‘Is everything ready?’ asked Bilbo. ‘Everything packed and labelled?’

‘Everything,’ they answered.

‘Well, let’s start then!’ He stepped out of the front door.

It was a fine night, and the black sky was dotted with stars. He looked up, sniffing the air. ‘What fun! What fun to be off again, off on the Road with dwarves! This is what I have really been longing for, for years! Goodbye!’ he said, looking at his old home and bowing to the door. ‘Goodbye, Gandalf!’

‘Goodbye, for the present, Bilbo. Take care of yourself! You are old enough, and perhaps wise enough.’

‘Take care! I don’t care. Don’t you worry about me! I am as happy now as I have ever been, and that is saying a great deal.

Might those words been on the lips of Peter Chanel as he walked up the gangplank onto the Delphine and sailed from Le Havre, “well let’s start then!.”

The feast of St. Peter Chanel, maybe less about his martyrdom, which few of us will be in a such a position; rather the feast is about daring to leave the security of home – “ well, let’ start then”, and choosing our favourite stick, stepping out the front door, and with Bilbo we sing, ‘the road goes ever on and on, down from the door where it began!”

2nd Sunday of Easter

If you are looking for a way to idle away a couple of hours (or more if you are really keen), in your internet search engine type in an entry that goes something like, “the Resurrection of Christ in Western Art.”

There will, of course, be many, many entries, however, they will have substantial similarities with each other, and that similarity is that Christ is ‘going up’ and away, and is usually alone; with those daring to hang around scared out of their wits.

An example is the oil painting by Anthony Van Dyck.

Painted c 1631 – 32, the oil hangs in The Wadsworth Atheneum an art museum in Hartford, Connecticut.

If, on the other hand, you do a similar search and change just one word a great secret is revealed.

The change is from ‘Western’ to ‘Orthodox’.

The secret, at least for many Western Christians is hidden in the other half of the universal church, in places like Syria, Turkey, Greece, and Egypt; the Eastern Orthodox.

In the Eastern Orthodox tradition, Easter is not usually painted with a solitary Jesus rising from the dead.

Jesus is always surrounded by crowds of people—both haloed and unhaloed.

In fact, in traditional icons, Jesus is pulling people out of Hades.

Hades is not the same as hell, although we put the two words together, and so we grew up reciting in the creed that “Jesus descended into hell.”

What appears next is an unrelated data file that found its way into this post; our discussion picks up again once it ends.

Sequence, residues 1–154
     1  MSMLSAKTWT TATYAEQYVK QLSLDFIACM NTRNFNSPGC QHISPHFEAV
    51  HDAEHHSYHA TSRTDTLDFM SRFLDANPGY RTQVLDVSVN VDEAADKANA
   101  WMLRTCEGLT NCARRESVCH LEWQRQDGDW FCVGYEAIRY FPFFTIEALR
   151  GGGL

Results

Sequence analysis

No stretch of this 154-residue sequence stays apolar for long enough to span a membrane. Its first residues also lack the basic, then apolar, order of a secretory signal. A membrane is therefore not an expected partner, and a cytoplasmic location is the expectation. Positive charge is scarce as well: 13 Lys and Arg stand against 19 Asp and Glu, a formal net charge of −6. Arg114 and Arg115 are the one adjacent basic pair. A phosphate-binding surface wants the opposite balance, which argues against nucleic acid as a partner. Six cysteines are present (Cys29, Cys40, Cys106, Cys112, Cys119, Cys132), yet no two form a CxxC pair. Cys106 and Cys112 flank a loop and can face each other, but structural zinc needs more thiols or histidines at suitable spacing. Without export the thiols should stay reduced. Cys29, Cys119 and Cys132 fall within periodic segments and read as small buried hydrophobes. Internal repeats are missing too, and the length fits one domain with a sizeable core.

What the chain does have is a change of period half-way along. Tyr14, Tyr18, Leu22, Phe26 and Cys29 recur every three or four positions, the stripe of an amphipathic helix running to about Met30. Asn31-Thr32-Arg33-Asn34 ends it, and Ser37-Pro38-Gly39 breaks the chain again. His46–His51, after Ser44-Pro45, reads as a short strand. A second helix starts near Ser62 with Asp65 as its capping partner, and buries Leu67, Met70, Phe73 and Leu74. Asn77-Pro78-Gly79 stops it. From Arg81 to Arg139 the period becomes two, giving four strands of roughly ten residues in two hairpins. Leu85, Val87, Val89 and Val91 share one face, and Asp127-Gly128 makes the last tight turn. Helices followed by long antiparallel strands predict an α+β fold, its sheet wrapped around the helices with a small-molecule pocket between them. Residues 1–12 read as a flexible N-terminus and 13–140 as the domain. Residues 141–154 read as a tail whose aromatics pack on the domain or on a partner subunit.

Instead, Hades is simply the place of the dead.

There’s no punishment or judgment involved. It’s just where a soul waits for God. But we neglected that interpretation.

So, the Eastern Church was probably much closer to the truth that the resurrection is a message about humanity.

It’s a message about history.

It’s a corporate message, and it includes you and me and everyone else. If that isn’t true, it’s no wonder that we basically lost interest.

An example is a fresco in the Chora Church in Istanbul, Turkey, (c 14th C).

Take a moment to look at the different energy of the persons in both illustrations; in the Van Dyck oil, the Risen Christ is heading up and away from; those present are cowering not in awe, but rather in fear.

In the Orthodox fresco, Christ is descending, and persons are clamouring for a touch, to be taken hold up, to be lifted out of that which holds them in place, inert.

Allow the Risen Christ to ”descend” to those places in my life which hold me bound; reach out, and be taken by the hand to a new and life-giving place.

Easter Sunday

In the third book of JRR Tolkien’s Lord of the Rings trilogy there is a scene that captures something of the joy experienced by the disciples when the resurrected Jesus appeared to them.

The realm of the Dark Lord, Sauron has been destroyed, and against all hope the world has been saved, at least for the time being.

Frodo, the hobbit, and his faithful servant and friend, Samwise, have also been saved. Sam wakes up, smells wonderful perfumes and sees Gandalf, the wizard he thought was dead. Sam gasps,

“Gandalf! I thought you were dead! But then I thought I was dead myself. Is everything sad going to come untrue?”

“A great Shadow has departed,” said Gandalf, and then he laughed, and the sound was like music, or like water in a parched land; and as he listened the thought came to Sam that he had not heard laughter, the pure sound of merriment, for days upon days without count. It fell upon his ears like the echo of all the joys he had ever known. But he himself burst into tears. Then, as sweet rain will pass down a wind of spring and the sun will shine out the clearer, his tear ceased, and his laughter welled up, and laughing he sprang from his bed.

“How do you feel?” he cried. “Well, I don’t know how to say it. I feel, I feel” – he waved his arms in the air – “I feel like the spring after winter, and the sun on the leaves; and like trumpets and harps and all the songs I have ever heard!”

Indeed, the feast we celebrate today does feel like Spring after Winter, and the sun on the leaves. “He is Risen.”